Vintage Pulp Nov 30 2022
THE ROAD WORRIER
Tom Neal takes an alternate route directly to trouble.

Years ago we shared a poster for the low budget Tom Neal/Ann Savage film noir Detour, which premiered today in 1945. That promo is a photo-illustration and one of our favorite film noir posters. Above is an alternate poster for the movie, and it's also nice, but not in the same class as the previous piece. We touched on the movie only briefly back then, making a few comments from our memories of seeing it years earlier, but we gave it a close watch yesterday for the first time in a long while.

Tom Neal stars as a nightclub musician who hitchhikes from New York City to Los Angeles to reunite with his girlfriend, who'd gone there earlier to try her luck in show business. He takes a ride from a “Miama” bookie, ends up accidentally killing him, and flees with the car. The next day and a ways down the road he picks up another hitchhiker—Ann Savage—who happened to have accepted a ride from the bookie earlier. Neal has picked up the only person in the world who can turn his bad luck into a one-way trip to the gas chamber. She figures out right away that the bookie must be dead, and uses her knowledge to cruel advantage:

“Just remember who's boss around here. If you shut up and don't give me any arguments, you'll have nothing to worry about. But if you act wise, well, mister, you'll pop into jail so fast it'll give you the bends. [snip] As crooked as you look, I'd hate to see a fella as young as you wind up sniffin' that perfume that Arizona hands out free to murderers.”

You get plenty of film noir attributes here: tough dialogue, voiceover, flashback, nightmare, silhouette, rear projection, rain, fog, bad luck, terrible decisions, lonely highway, and a dangerous femme fatale. Thinking beyond the confines of the screenplay, there's an interesting discussion to be had about why Savage is so mean. There's a suggestion that men have made her that way, and an equal amount of suggestion that she's bad by nature. In either case, she's one of the worst passengers any snakebitten cinematic sap ever picked up on the road. She makes Detour about as good as cheapie film noir gets.
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The Naked City Nov 30 2022
ALLAH THE MONEY
I'll tell you one thing. After today we won't complain so much when someone steals a couple of our towels.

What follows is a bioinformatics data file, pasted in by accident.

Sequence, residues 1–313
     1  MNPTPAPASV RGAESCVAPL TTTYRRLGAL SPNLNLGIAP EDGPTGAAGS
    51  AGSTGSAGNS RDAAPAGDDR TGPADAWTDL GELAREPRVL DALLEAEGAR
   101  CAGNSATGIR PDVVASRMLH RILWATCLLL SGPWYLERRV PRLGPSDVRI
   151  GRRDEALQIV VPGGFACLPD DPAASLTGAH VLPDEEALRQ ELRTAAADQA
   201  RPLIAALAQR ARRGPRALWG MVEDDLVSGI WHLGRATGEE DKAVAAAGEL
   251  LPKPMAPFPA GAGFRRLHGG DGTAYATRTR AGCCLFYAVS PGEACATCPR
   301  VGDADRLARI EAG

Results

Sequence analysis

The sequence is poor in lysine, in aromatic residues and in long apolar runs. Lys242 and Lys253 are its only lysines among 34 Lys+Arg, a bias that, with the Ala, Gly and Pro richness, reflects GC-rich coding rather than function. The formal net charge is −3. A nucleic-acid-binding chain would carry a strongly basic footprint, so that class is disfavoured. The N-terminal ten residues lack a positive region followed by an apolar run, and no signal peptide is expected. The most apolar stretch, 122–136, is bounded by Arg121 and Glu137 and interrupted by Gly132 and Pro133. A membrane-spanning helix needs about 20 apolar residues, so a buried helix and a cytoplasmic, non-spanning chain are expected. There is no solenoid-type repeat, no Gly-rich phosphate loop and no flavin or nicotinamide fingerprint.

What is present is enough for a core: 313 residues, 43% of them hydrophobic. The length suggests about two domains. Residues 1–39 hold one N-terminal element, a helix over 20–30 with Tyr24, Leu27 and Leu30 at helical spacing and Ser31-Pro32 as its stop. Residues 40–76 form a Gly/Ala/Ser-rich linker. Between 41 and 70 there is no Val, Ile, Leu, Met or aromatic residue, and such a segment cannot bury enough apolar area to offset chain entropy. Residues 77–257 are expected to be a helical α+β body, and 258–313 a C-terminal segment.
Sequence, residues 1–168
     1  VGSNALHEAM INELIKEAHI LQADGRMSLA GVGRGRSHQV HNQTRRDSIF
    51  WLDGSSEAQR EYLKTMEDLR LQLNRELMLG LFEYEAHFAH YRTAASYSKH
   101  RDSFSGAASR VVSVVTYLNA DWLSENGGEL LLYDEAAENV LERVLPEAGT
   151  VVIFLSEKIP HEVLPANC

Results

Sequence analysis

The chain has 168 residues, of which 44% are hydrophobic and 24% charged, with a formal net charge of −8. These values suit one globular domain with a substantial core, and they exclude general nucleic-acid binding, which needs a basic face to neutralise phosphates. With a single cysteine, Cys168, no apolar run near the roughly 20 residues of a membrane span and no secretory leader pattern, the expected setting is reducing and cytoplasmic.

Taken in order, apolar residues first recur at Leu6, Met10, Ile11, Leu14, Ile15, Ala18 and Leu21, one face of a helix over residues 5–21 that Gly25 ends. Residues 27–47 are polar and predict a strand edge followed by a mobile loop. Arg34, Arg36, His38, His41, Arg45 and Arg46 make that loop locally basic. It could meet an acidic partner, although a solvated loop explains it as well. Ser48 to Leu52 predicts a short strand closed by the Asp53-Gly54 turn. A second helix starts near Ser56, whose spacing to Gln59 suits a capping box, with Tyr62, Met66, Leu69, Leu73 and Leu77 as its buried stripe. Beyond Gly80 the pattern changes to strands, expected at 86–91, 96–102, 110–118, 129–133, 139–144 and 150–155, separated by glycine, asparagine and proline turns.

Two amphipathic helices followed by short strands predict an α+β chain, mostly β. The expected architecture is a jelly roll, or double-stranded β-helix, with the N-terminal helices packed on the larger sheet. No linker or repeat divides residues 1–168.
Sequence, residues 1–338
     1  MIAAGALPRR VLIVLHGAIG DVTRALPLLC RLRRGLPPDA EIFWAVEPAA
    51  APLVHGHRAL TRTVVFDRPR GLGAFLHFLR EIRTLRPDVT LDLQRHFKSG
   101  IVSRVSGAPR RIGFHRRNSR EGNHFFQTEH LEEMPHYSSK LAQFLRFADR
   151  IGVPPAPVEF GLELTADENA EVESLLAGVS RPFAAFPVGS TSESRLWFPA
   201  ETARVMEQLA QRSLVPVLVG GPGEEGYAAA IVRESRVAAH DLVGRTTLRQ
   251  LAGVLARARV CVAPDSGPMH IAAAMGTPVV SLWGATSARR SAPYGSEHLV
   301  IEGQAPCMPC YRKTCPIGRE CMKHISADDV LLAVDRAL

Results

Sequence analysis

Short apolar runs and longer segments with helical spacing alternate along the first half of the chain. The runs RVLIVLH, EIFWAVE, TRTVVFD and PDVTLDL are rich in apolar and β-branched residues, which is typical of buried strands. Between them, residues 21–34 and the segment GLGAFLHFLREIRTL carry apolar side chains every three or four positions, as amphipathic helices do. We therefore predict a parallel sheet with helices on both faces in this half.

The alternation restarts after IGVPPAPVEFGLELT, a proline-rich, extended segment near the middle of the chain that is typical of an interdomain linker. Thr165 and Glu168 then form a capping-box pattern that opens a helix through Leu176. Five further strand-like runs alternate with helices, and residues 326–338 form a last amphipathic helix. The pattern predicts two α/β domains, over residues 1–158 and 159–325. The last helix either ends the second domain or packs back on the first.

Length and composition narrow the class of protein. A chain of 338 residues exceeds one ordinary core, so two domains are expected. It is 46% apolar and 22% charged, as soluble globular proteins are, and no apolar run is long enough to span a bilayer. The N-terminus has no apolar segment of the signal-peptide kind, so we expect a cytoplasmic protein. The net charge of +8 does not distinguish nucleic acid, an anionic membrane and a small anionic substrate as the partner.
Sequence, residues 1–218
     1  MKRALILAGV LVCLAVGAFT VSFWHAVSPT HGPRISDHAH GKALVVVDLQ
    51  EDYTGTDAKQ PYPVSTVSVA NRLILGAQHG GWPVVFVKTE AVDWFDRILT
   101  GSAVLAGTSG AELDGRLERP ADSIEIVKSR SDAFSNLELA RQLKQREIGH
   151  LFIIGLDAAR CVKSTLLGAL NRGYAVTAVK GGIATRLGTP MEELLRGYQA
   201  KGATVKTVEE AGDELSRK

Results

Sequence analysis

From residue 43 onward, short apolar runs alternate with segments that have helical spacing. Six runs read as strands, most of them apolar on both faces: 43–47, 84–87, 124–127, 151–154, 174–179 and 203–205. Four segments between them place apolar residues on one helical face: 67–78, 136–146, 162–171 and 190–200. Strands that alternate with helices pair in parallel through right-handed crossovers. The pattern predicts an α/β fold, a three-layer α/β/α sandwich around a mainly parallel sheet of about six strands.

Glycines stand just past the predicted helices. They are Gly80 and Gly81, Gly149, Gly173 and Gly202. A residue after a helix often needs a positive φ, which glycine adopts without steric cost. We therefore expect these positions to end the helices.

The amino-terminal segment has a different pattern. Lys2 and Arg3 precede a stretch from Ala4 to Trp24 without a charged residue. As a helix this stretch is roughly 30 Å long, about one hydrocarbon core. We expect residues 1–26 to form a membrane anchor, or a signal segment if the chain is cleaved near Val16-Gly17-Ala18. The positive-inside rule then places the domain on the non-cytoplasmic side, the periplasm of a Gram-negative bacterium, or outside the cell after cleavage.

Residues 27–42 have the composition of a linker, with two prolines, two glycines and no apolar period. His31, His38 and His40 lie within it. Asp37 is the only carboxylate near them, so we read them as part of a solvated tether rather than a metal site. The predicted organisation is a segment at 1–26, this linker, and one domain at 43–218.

The two photos above show an LAPD detective and two witnesses re-enacting a robbery (notice the detective is aiming a gun in the top photo) that occurred today in 1951 at the Garden of Allah Hotel on Sunset Boulevard. Two gunmen had gotten away earlier in the day with a bundle of cash. Newspaper accounts differ about how much. The San Bernadino County Sun, in its evening edition published later, pegged the amount at $1,073 ($12,275 today), but the Los Angeles Times morning edition printed the next day claimed it was $500 ($5,731). The Times is probably a more reliable source, and with more time to get the amount right we'd tend to think its report is correct, but $500 is a conveniently round number, whereas the $1,073 reported by the Sun is very specific. Either way, we imagine the terrified hotel employees surrended every dollar on hand.

The reason the story caught our eye, though, is because the Garden of Allah was one of the most famous hotels in Los Angeles at the time. The Spanish revival complex consisting of a main building, villas, restaurant, bar, pool, and landscaped grounds, opened in 1927 and quickly became a favorite stopover for Tinseltown glitterati. Everyone from Lauren Bacall to Orson Welles spent time or stayed there, and the place was described by one resident as in “continual tumult” because of all the intrigues, disturbances, and minor scandals. But all of its celebrity history and architectural significance amounted to nothing among the ranks of those who sought so-called progress, because like so many other Hollywood landmarks, this iconic property fell to the wrecking ball when it was demolished in 1959 to make way for a bank.
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Vintage Pulp Nov 18 2022
SOMETHING'S GOT TO GIVE
I plan to rise from soul crushing poverty into the soul crushing middle class, and if you play your cards right I'll take you with me.